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Unit and integration test guidelines for Spring Boot

When you have a legacy product that has been around for over 10 years and it is written with old technologies and has no automated tests, how do you improve quality? Sometimes the best solution is to rewrite it!
That was the situation  we were in with a product written with JBOSS. It had become difficult to maintain and debug so we decided to rewrite it using the Spring Boot framework, and add unit and integration tests as we were doing it. This is not a simple undertaking and it's still a work in progress; but I feel we made the right decision.
As not many of the developers had much experience with writing unit and integration tests, I wrote up the guidelines shown below. These have been written for a Java based Spring Boot project that uses the JUnit framework to write the tests, but are general enough to apply to most languages and frameworks.

  1. Test the behaviour of the class; not its implementation.
  2. Don’t test implementation details; e.g. private methods.
  3. Use descriptive names for your tests that explain what you are testing. Don't be afraid to use long test names. Some examples:
Not very descriptive test case name
More descriptive test case name
  1. Each test should have the format: Setup test data (Given), do the action you are testing (When), check the result (Then). See example integration test below. Note that you do not need to add in the comments when you actually create the test cases:     
public void newSysUserShouldBeSavedToRepository() {
   final long count = repository.count();
       SysUser sysUser = new SysUser();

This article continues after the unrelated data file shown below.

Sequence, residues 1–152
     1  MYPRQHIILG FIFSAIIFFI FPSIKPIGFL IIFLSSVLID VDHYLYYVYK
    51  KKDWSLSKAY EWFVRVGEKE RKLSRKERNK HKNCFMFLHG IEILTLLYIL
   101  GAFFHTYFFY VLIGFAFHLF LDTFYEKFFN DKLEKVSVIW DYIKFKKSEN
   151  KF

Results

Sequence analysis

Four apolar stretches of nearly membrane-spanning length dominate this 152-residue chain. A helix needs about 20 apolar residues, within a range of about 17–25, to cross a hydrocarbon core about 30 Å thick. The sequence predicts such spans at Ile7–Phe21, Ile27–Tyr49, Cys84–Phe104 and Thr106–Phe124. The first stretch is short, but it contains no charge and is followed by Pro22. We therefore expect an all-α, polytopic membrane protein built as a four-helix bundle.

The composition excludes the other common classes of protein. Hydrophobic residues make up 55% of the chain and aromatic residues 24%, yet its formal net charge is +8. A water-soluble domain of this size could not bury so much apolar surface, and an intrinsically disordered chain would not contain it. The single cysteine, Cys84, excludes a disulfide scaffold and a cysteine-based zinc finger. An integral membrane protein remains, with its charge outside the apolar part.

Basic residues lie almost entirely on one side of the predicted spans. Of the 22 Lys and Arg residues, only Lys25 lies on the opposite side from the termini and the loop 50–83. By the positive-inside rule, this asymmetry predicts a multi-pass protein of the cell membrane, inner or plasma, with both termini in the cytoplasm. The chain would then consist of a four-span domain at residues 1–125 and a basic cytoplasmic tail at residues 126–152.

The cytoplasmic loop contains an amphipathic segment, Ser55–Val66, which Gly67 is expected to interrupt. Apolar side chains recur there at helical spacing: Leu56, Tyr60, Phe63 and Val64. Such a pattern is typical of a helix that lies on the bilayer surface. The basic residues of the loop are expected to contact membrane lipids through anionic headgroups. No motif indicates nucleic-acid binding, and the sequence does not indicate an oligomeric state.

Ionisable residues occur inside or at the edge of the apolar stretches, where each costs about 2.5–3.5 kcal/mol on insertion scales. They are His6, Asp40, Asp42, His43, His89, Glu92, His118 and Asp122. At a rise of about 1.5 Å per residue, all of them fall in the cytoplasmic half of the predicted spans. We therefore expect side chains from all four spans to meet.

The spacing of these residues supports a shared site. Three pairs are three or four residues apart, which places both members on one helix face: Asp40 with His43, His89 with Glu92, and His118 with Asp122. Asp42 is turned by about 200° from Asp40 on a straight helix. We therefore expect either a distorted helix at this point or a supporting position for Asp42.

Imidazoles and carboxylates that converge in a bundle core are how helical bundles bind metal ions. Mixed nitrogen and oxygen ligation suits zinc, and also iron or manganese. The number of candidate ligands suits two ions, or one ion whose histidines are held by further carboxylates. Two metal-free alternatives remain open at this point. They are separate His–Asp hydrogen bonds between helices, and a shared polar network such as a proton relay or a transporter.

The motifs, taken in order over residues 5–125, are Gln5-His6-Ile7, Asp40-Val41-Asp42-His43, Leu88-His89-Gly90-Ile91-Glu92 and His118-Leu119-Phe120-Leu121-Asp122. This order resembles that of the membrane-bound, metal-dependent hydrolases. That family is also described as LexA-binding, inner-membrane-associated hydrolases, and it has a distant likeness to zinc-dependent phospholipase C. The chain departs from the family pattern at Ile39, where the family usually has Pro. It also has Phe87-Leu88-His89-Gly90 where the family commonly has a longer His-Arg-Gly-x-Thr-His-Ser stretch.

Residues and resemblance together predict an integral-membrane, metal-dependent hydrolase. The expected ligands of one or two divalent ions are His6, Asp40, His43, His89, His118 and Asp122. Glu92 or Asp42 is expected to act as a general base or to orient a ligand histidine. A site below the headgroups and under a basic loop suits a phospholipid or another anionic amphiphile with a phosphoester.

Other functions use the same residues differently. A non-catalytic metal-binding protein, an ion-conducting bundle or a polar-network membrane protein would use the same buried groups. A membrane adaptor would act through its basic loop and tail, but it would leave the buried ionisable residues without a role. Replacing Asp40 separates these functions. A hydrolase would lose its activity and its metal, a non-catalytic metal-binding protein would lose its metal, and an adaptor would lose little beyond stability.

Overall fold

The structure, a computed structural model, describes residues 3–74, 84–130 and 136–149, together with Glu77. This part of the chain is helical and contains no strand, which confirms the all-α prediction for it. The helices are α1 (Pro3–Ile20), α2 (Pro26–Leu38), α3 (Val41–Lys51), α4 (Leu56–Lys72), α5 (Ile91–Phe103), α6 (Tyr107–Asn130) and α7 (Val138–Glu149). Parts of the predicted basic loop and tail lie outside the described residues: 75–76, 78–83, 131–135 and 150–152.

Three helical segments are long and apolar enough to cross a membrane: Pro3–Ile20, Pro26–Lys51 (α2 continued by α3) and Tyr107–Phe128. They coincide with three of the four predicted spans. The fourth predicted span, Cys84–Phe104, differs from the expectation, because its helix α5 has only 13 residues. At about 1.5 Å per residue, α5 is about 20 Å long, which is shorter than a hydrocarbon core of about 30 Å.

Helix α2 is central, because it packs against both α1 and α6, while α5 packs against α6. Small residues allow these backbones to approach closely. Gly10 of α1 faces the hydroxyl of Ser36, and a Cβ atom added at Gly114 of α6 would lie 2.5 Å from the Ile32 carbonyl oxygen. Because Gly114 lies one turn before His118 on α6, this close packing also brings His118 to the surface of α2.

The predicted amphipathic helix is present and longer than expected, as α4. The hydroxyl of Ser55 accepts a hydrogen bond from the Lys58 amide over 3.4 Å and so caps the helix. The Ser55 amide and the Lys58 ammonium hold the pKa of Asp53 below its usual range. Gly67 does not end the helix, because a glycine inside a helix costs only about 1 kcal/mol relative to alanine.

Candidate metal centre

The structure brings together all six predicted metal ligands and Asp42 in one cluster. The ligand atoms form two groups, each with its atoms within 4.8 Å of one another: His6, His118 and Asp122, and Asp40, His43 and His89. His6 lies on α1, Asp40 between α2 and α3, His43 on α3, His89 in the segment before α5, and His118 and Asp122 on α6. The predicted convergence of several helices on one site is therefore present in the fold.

assertThat(repository.count()).isEqualTo(count + 1);
  1. Only test one thing per test case. You should only assert the result in the Then section of the code.
  2. Use the AssertJ library to write assertions in a fluid, readable way.
  3. If you need to run a method before each test case (e.g. to setup test data), use the @Before annotation.
  1. Make sure that the test fails if the assert condition is not true. For each test you write change the data to fail the test. This way you are sure that the test will fail if there is a change.  
  2. Test both negative and positive scenarios. For example:
    1. Positive scenario: findByUserIdShouldReturnOneSysUser()
    2. Corresponding negative scenario: findByUserIdWhenUserNonExistentShouldReturnNull()
We found the following talk and corresponding example code by Phil Webb useful:
Video on testing Spring Boot applications:
The source code for the video is in github:
Some tips from the talk:
  • Use AssertJ for assertions. Spring Boot 1.4 and above has it built in.
  • Constructor injection makes it easier to test.
  • Prefer plain Junit when writing unit tests; i.e. try not to involve Spring.
  • When you do need to use Spring (for integration tests) use helper classes such as TestEntity Manager.
  • TestEntityManager is useful to setup test data when testing repositories.


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